1. Subscribersonhouse
    Fast and Curious
    slatington, pa, usa
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    27 Dec '15 18:11
    http://www.globalviralnews.com/2015-12-27-reasearchers-creates-very-strong-and-lightweight-metal-for-airplanes-spacecraft-and-cars

    Magnesium is a lot lighter than even aluminum and this new result gives the metal a lot of strength without effecting ductility.

    SiC is Silicon Carbide, a very hard material used for among other things, cutters for lathes and milling machines.

    The difficulty before was getting the stuff in nanoparticle sizes to disperse evenly in the molten metal.

    That is what this new work accomplishes.

    This is only one result. There will be a lot more of this in the future with other materials.
  2. SubscriberKewpie
    since 1-Feb-07
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    28 Dec '15 03:41
    Interesting article, but an odd website. No attributions or credits - it could be anyone's idea of an April Fool joke, to all intents and purposes. Not suggesting the article is, but it's unusual to read scientific stuff without names and credits and references and links.
  3. Cape Town
    Joined
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    28 Dec '15 06:33
    Originally posted by Kewpie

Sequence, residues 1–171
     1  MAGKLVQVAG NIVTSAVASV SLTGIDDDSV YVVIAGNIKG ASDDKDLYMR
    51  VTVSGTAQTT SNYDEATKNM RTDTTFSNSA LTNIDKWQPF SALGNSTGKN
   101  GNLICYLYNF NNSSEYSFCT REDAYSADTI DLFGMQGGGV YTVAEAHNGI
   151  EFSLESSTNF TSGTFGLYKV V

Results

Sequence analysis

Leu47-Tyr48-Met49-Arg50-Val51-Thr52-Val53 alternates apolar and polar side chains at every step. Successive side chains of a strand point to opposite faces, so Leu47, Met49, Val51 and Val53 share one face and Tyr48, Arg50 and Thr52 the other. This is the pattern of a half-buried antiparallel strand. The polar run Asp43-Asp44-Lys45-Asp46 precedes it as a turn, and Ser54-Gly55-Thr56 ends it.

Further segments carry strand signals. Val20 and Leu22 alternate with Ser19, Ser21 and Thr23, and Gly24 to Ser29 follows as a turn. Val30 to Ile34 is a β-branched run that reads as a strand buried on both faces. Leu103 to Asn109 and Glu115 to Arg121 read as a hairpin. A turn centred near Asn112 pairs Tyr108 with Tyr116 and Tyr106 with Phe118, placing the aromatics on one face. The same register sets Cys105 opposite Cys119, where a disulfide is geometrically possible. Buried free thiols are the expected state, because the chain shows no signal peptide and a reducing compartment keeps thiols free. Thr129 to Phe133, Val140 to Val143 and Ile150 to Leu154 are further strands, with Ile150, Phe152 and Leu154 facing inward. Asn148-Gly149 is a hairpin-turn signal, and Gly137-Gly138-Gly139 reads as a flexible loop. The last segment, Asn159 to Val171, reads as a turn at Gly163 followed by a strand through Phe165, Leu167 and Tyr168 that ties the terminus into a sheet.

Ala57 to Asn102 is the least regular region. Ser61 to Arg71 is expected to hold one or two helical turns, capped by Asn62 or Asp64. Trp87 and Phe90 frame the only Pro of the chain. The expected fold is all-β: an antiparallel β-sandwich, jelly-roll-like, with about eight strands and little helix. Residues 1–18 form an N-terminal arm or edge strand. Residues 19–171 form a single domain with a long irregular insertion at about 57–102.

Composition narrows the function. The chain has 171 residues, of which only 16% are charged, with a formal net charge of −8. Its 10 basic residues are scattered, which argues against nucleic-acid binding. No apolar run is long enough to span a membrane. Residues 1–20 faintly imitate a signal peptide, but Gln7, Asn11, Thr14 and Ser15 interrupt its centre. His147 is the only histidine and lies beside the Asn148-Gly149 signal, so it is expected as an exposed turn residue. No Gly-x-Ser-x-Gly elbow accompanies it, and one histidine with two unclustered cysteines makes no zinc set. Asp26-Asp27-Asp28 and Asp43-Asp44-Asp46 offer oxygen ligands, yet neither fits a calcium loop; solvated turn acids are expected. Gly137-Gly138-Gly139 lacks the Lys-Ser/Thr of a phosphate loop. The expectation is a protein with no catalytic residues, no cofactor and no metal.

Interesting article, but an odd website. No attributions or credits - it could be anyone's idea of an April Fool joke, to all intents and purposes. Not suggesting the article is, but it's unusual to read scientific stuff without names and credits and references and links.
    Here is an article with the same story on UCLA's website. Again, no lists of credits.
    http://newsroom.ucla.edu/releases/ucla-researchers-create-exceptionally-strong-and-lightweight-new-metal

    There is however a link to the actual paper:
    http://www.nature.com/nature/journal/v528/n7583/full/nature16445.html

    The timing is interesting in that it was submitted to Nature in April but only actually published in December. It takes a while for papers to get published - hopefully this is because of a thorough review process.
  4. Subscribersonhouse
    Fast and Curious
    slatington, pa, usa
    Joined
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    30 Dec '15 18:24
    Originally posted by twhitehead
    Here is an article with the same story on UCLA's website. Again, no lists of credits.
    http://newsroom.ucla.edu/releases/ucla-researchers-create-exceptionally-strong-and-lightweight-new-metal

    There is however a link to the actual paper:
    http://www.nature.com/nature/journal/v528/n7583/full/nature16445.html

    The timing is interesting in that it was s ...[text shortened]... es a while for papers to get published - hopefully this is because of a thorough review process.
    That link only lists the abstract. The actual article is a pay for thing, 10 to $32.
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